For some reason, this documentary - like some of those I've seen before - is written in a way that makes the subject a good story, but the purpose is to make a documentary. The documentary doesn't tell a story. It makes a documentary. The thing is, it's not a documentary that tells a story, but a documentary that tells the story. It's only the story told on a long table (located in a museum), surrounded by a bunch of artifacts that would be impossible to handle if they were on the surface of the earth (or in the sky, as it were). I'm not sure if it's a good idea, or even a good movie. But that's why the film is made on a long table: to hide the reality. The director is thinking that he's in the situation he's making the documentary, not a documentary. If he'd had an agreement with the museum, he'd have had an agreement with the curator. The film would have been totally different. The situation would have been one of a museum employee sitting next to a curator. There's also an additional note that the museum employee is an atheist, so the film is more or less a critique of religion. The curator is also a religious person, so the movie is a critique of the religion. This is not a bad film. There are many good things in the film. But the story that we're supposed to see in the film is not a good story, and the film is trying to cover a bad story. I think that it's clear that it's a documentary, but it's a bad documentary. I think that it's a mistake to make a documentary about religion, and I think that it's a mistake to make a documentary about religion on a long table, when it's not the case that you can't take the time to make a documentary that tells a story. The director is still making the movie, but he is also showing it.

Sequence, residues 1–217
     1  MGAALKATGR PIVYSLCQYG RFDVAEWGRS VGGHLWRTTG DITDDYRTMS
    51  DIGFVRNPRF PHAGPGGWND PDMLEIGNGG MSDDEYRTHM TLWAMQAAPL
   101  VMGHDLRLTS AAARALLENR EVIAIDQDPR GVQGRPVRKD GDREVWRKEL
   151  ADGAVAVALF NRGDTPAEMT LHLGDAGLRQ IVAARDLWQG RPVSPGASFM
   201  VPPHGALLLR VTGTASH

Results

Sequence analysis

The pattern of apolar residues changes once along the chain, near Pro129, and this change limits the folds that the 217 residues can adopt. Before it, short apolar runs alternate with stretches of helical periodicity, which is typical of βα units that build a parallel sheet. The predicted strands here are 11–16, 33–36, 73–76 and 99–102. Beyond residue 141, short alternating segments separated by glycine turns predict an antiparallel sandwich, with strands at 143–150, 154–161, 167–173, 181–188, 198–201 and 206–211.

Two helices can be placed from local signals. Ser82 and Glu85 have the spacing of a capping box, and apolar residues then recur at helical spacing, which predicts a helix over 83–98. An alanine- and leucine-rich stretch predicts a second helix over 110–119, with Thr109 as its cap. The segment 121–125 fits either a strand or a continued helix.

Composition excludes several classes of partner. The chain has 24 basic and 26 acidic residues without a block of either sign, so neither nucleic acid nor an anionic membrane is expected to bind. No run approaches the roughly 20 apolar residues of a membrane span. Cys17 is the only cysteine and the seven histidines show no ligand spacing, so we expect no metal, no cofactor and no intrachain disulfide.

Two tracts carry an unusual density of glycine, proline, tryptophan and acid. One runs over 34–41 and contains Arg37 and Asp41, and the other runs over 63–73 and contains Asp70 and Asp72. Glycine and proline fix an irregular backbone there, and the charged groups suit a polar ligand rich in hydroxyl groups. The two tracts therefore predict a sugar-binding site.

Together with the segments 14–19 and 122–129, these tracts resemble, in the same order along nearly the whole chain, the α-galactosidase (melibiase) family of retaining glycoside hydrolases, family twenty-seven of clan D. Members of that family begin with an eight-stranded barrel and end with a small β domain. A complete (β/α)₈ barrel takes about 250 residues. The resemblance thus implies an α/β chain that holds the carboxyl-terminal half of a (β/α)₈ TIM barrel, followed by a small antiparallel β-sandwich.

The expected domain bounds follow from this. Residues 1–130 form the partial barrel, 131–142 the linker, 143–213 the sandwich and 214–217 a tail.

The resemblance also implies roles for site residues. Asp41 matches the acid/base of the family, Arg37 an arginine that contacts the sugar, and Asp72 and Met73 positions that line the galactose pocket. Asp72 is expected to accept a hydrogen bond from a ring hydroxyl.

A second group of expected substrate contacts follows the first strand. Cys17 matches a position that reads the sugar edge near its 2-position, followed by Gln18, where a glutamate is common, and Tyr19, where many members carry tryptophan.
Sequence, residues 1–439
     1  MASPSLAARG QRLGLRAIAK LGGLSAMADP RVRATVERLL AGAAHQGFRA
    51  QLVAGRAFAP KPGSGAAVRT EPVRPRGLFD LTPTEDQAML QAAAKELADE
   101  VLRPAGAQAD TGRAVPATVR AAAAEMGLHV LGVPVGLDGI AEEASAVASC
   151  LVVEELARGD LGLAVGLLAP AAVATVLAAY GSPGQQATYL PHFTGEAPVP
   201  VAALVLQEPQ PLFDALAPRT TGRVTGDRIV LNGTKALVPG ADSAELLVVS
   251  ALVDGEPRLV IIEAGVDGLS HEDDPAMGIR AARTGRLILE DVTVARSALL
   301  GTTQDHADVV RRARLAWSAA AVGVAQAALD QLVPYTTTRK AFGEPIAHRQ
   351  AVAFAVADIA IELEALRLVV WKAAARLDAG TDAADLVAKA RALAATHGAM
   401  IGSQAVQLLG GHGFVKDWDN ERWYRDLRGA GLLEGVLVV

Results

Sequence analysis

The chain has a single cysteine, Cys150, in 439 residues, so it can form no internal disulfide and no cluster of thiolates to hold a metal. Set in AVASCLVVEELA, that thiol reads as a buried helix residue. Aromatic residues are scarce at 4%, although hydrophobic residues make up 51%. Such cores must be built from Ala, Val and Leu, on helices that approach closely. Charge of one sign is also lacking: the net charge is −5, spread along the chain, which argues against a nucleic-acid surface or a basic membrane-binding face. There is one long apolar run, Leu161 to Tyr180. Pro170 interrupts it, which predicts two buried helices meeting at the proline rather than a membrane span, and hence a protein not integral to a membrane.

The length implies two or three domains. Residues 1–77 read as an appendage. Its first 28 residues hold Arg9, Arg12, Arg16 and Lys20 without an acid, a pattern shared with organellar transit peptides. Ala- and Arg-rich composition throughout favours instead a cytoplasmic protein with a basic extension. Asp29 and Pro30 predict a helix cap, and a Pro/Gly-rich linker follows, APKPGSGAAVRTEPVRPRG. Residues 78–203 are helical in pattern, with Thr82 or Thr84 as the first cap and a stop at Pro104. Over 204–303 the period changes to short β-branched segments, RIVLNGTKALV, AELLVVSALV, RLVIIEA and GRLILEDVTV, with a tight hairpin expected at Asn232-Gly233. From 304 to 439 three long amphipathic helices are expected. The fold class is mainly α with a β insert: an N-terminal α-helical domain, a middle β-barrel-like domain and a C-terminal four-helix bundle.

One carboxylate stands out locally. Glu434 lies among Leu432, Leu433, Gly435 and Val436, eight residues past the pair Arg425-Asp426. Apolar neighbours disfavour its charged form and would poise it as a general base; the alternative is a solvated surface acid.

Saturday, 01 Aug 2020 02:58